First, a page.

The Place of Feasibility Study
The place of a feasibility study is in the heart of every investment decision. The surest way to know the rent a property can fetch is by putting it up for rent in the market. If you want to know how much a property can sell for, put it up for sale. In the case of a development project, the scenario is a little different. The market can easily change by the time the project is delivered and this means every project carries some amount of risk.
A feasibility study therefore allows the investor to design a winning project by testing it, re-designing it and re-testing it before he/she can implement it. In the long run the feasibility study will save the investor money, time and effort. One of my clients had to abandon a project, which appeared lucrative, and opted to sell the land after running some of the analytical tools that I discuss below.
A feasibility study comes in two stages: pre-feasibility stage and feasibility stage. This is explained below.
1 Pre-feasibility Study
Under a pre-feasibility study, the consultant carries out an inspection of the site and proceeds to carry out a market survey to determine the various possible alternative development options that can be put up on the site. These are then interrogated and ranked, before a recommendation of the highest and best use is proposed. The pre-feasibility report informs the design concept for the project and feeds into the feasibility study.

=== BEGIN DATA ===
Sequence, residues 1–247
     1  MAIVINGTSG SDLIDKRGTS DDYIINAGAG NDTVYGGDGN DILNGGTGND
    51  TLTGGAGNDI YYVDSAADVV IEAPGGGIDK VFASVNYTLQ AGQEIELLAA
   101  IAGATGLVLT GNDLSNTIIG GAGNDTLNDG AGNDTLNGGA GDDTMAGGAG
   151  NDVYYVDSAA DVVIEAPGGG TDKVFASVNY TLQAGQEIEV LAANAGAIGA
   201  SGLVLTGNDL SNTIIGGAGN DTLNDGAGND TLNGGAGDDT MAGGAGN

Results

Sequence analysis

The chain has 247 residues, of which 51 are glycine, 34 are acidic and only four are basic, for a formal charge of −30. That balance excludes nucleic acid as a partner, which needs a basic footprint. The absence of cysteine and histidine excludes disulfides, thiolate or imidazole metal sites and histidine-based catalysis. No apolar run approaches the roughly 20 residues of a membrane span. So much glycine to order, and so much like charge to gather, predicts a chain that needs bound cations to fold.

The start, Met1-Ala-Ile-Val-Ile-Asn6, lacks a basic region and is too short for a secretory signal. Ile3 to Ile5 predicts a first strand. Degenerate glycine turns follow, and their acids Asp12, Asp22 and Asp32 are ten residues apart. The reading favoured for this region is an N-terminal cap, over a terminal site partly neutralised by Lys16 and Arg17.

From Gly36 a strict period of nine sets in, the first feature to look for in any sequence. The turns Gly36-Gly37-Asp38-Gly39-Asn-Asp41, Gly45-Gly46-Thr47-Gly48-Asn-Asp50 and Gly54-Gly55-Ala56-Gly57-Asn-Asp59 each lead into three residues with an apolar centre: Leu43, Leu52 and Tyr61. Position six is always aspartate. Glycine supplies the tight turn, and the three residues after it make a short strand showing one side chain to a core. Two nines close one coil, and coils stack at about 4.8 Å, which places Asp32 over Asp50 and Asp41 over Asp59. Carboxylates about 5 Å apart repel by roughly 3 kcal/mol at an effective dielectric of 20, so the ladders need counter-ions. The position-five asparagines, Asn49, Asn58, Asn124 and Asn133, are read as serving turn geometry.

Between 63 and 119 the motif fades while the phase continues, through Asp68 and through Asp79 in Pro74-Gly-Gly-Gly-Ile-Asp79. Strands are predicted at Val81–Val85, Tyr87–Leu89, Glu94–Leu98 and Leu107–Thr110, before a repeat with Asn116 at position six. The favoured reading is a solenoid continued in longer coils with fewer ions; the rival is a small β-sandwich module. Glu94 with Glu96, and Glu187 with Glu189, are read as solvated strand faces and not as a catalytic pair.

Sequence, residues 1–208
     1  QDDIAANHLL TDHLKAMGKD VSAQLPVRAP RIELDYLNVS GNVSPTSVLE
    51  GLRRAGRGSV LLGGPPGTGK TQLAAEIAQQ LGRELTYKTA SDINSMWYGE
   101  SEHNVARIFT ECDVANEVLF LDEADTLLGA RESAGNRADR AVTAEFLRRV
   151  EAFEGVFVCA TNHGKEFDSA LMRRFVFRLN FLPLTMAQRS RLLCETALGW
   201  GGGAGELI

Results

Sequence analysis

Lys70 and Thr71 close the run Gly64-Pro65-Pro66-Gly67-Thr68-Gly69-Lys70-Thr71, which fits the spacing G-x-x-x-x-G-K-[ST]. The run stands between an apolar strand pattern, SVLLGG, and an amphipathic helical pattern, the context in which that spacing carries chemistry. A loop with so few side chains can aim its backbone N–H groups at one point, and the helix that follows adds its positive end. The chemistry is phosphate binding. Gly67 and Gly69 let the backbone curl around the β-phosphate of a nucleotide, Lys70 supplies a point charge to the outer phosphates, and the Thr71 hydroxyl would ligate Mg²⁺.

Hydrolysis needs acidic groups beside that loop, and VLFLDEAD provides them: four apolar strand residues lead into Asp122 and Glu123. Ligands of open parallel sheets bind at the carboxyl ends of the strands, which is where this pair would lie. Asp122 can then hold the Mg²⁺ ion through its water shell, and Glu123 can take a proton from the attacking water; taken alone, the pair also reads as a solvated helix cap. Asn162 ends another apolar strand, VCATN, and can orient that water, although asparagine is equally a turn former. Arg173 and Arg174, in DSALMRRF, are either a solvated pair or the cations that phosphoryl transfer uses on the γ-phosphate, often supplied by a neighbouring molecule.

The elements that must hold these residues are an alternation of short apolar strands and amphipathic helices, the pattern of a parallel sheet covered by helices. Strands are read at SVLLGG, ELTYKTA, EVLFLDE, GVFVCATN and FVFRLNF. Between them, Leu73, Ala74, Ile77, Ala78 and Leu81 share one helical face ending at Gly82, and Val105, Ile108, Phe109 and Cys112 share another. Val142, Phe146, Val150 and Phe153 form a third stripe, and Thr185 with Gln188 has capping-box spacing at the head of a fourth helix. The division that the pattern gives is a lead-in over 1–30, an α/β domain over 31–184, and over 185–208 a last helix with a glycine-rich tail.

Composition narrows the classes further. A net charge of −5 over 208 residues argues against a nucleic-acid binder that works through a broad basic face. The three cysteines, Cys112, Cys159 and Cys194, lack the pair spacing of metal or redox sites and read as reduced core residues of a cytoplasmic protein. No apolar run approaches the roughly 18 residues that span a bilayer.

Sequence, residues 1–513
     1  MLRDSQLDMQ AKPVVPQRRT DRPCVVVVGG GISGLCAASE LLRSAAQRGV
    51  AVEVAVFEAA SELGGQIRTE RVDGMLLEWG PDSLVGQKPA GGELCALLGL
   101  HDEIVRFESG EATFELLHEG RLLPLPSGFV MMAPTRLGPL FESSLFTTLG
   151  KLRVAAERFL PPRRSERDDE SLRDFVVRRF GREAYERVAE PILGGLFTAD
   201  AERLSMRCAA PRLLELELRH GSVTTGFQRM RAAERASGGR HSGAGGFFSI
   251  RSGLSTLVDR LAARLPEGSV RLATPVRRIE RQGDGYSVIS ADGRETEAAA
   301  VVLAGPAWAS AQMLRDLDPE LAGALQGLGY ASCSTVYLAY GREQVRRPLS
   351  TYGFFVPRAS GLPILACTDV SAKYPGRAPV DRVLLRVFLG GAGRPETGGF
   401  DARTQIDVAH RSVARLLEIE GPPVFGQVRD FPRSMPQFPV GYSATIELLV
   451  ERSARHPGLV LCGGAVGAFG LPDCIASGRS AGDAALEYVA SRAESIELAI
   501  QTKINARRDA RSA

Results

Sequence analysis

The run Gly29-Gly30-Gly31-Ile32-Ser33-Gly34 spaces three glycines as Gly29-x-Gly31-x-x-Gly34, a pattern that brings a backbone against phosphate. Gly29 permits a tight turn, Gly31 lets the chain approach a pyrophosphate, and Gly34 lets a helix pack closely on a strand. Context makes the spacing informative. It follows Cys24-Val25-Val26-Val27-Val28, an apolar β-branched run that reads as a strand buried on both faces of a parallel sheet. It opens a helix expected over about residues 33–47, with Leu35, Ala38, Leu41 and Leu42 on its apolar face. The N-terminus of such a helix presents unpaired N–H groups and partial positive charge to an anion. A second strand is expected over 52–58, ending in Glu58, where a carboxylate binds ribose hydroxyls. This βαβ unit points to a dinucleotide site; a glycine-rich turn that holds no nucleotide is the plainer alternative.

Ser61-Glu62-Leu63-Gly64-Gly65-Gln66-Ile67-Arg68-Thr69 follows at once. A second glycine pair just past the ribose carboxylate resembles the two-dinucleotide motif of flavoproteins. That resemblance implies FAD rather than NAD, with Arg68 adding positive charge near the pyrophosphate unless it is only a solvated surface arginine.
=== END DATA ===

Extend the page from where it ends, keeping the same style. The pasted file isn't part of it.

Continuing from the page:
2 Feasibility Study
This is the actual feasibility study and a costly one. It involves many professionals such as the projects manager, architect, engineers, quantity surveyor, valuer, land surveyor, etc. With the collective input of these professionals and informed by the pre-feasibility report, the project can be conceived and costs estimated with reasonable degree of accuracy. The valuer or appraiser would then be able to determine the viability of the project.
Common Objectives of Feasibility Study
- To provide an overview of the real estate market; neighborhood characteristics, growth and future outlook.
- To consider and recommend the highest and best use of a site in terms of permitted planning parameters – user, plot ratio, site coverage and minimum plot size. A project should be economically, socially and environmentally sound.
- To estimate the cost of the project.
- To estimate the income level of the project and thus return on investment.
- To estimate the net present value of the project and thus its viability.
- To determine the internal rate of return – IRR of the project and to compare it with the industry benchmark and alternative investment vehicles.
- To determine the projects pay-back period and to compare it with the industry benchmark and alternative investment vehicles.
- To provide further recommendations that would increase the project’s potential.
Investment objective are normally defined by the investor and one project may be feasible to one investor and not feasible to another. The standard measure is however the industry benchmark, though this must not be used to condemn a project with a positive net present value.